Open access EEG data via DICOM standard

Johannes Koren, Silvia Winkler, Clemens Lang (Vortragende:r), Franz Fürbass, Laura Gschwandtner, Christoph Baumgartner

Publikation: Beitrag in Buch oder TagungsbandVortrag mit Beitrag in TagungsbandBegutachtung


Purpose: To discuss and promote a unified standard format for EEG and other neurophysiological data (DICOM) to improve clinical care and fuel future research, which rely on data exchange. The ability to access and share EEG data between different healthcare providers is currently limited due to a myriad of different file formats and proprietary access protocols used by manufactures of EEG equipment. No unified and clinical established EEG data format with the ability for long-term storage in current hospital data systems is used today. Access to legacy EEG data, especially with rare pathologic activity such as seizures, would be invaluable for healthcare providers, researchers and patients due to several reasons: 1) improved analytical EEG methods that increase diagnostic yield; 2) new therapeutic options in the future which use EEG biomarkers; 3) differential diagnosis or reassessment of initial diagnosis if a specific therapy is unsuccessful (Halford JJ et al. Clin Neurophysiol 2021; 132(4):993-7). Methods: To implement a standardized format in neurophysiology, the DICOM Working Group 32 was established in 2018 ( DICOM offers an ideal environment to achieve neurophysiology format standardization because neurophysiological data can be easily integrated with existing DICOM-supported elements such as video, ECG, and images. It also provides easy integration into existing hospital PACS long-term storage systems. An ongoing pilot project was established in June 2019 consisting of an automated workflow which archives long-term EEG monitoring data after review into the existing data storage system of public hospitals in Vienna. Results: 123 individual long-term EEG monitoring sessions were successfully archived and 100% could be retrieved and read via a DICOM EEG review software (Encevis). Conclusion: Our pilot project showed that a workflow of automatically archiving long-term EEG monitoring data after review and their storage as well as access via existing data storage systems of public hospitals is feasible.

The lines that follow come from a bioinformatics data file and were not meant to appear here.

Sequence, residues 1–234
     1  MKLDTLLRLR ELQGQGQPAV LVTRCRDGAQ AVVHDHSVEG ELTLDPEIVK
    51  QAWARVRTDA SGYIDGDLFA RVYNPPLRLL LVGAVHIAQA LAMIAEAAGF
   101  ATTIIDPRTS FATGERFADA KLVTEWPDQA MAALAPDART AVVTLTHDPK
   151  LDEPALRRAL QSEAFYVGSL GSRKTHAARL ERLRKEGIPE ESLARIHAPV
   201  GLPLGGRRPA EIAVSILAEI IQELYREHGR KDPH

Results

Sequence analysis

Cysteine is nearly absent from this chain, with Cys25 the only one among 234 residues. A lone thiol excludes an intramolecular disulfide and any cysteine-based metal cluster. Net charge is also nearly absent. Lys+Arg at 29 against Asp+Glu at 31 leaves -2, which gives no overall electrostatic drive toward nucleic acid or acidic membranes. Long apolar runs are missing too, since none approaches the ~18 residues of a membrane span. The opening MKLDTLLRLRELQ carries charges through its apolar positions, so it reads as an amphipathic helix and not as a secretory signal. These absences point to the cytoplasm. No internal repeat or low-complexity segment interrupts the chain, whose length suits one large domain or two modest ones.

TitelSpecial Issue:14th European Epilepsy Congress Geneva, Switzerland & Online 9–13 July 2022
Redakteure/-innenMichael R. Sperling
Herausgeber (Verlag)Wiley
PublikationsstatusVeröffentlicht - 2022
Veranstaltung14th European Epilepsy Congress Geneva, Switzerland -
Dauer: 9 Juli 202213 Juli 2022


Konferenz14th European Epilepsy Congress Geneva, Switzerland

Research Field

  • Medical Signal Analysis


  • PACS


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